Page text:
By Keith Laing - 10/22/15 09:32 AM EDT
The House Transportation and Infrastructure Committee is set to markup a bipartisan bill to spend up to $325 billion on transportation projects over the next six years on Thursday, as Congress scrambles to prevent an interruption in the nation's infrastructure spending at the end of the month.
The measure would spend $261 billion on highways, $55 billion on transit and approximately $9 billion on safety programs, but only if Congress can come up with a way to pay for the final three years. The bill is known as the Surface Transportation Reauthorization and Reform Act of 2015.
Supporters of the measure touted the decision to mark the bill up before House appropriators come up with a funding mechanism as way to speed up the process of passing a long-term highway bill for the first time in 10 years by getting the policy provisions in place.
“This is a bill that improves our roads, bridges, and transportation system, as well as our economy, our competitiveness, and our everyday lives,” House Transportation and Infrastructure Committee Chairman Rep. Bill Shuster (R-Pa.) said in a statement.
“The legislation streamlines, consolidates, and reforms transportation programs and offices, gives states and local governments more control in addressing their needs, refocuses on national transportation priorities, facilitates the flow of freight and commerce, and promotes innovation as we improve our infrastructure for the future," Shuster continued. "The more efficient our surface transportation system is, the less time we spend in traffic, the lower the transportation costs for goods and services, and the more jobs that are created throughout the economy.”
Democrats on the panel had hoped for an increase in federal infrastructure spending, but they said they are glad lawmakers are finally discussing a multiyear extension of federal highway funding that has been subject to temporary patches for years.
"After several months of negotiations, I am pleased we are introducing today the Surface Transportation Reauthorization and Reform Act of 2015,” Rep. Peter DeFazio (D-Ore.), the top ranking Democrat on the panel, said.
"Unfortunately, this bill doesn’t provide the level of investment needed to rebuild or repair our crumbling roads, bridges, highways and transit systems," DeFazio continued. "However, it includes a critical provision that would allow for automatic adjustments and increased investments if more money flows into the Highway Trust Fund than expected. This is a step in the right direction.”
The first three years of the infrastructure spending under the measure would be guaranteed, while the remaining three years would be authorized pending additional funding from congressional appropriators, according to the House aides.
The current transportation funding measure is scheduled to expire on Oct. 29. Congress has been struggling for years to come up with a way to pay for a long-term extension.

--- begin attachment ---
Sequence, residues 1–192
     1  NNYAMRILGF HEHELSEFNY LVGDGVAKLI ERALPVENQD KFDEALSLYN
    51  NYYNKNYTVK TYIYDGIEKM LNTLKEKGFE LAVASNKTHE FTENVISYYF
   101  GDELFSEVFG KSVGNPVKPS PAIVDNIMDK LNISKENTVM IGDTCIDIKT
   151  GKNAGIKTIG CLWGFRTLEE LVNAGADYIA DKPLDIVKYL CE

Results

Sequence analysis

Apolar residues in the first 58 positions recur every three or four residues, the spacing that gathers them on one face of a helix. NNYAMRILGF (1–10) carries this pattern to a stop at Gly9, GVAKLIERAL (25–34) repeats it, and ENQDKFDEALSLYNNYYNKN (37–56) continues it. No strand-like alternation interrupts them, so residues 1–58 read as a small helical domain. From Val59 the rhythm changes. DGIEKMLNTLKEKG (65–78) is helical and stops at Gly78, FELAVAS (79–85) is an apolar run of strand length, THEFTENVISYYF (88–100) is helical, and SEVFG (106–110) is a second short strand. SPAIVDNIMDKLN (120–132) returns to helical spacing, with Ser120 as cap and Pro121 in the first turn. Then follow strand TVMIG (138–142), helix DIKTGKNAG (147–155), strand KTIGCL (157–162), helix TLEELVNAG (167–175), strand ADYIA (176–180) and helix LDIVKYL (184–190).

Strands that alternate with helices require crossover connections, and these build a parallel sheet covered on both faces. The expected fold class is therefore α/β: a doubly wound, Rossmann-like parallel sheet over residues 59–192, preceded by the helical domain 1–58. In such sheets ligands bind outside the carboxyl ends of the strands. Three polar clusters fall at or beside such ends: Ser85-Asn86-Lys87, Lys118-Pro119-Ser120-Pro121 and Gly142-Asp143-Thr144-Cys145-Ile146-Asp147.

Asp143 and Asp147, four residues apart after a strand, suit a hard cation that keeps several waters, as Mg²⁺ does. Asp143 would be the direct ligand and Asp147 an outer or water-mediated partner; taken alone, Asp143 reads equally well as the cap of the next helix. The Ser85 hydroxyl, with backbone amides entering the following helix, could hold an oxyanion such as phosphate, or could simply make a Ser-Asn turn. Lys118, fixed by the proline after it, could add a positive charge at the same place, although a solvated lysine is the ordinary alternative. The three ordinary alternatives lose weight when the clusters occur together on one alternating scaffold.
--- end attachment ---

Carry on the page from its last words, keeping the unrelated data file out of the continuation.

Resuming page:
The traditional source for transportation funding is revenue collected by the federal gas tax, which is currently set at 18.4 cents per gallon. The gas tax brings about $34 billion per year, but the federal government typically spends about $50 billion annually on transportation projects.
Congress has turned to other areas of the federal budget to close the gap, and House aides in both parties have said that the chamber's Ways and Means Committee will have to identify a set of offsets for the new highway bill before it can move forward.
Transportation advocates have complained that Congress has not passed an infrastructure measure that lasts longer than two years since 2005.
The Congressional Budget Office (CBO) has estimated it will take about $100 billion, in addition to the annual gas tax revenue, to pay for a six-year transportation funding bill, which is the length being sought by the Obama administration and transportation supporters.
Congress is scrambling to beat the Oct. 29 deadline that was set by lawmakers in a temporary transportation funding extension that was passed in July.
Republican and Democratic party aides in the House have said that another patch will likely be necessary to give Congress time to conference on the highway bill.
Democrats in the Senate have pressured House Republicans to pass a six-year highway bill after they rejected a multi-year highway bill from Senate known as the DRIVE Act during the summer. Republicans in the House complained that the Senate's bill contained six years' worth of transportation commitments but only three years' worth of guaranteed funding.
By contrast, House aides say their chamber's measure would require lawmakers to "unlock" the additional round of funding after the initial three years if lawmakers can come up with a way to pay for it instead of guaranteeing it to states now.
The Department of Transportation has warned that it will have to begin cutting back on payments to states and local governments for infrastructure projects in November if Congress does not reach an agreement on a highway bill extension this month.
The text and summary of the House transportation bill can be read here.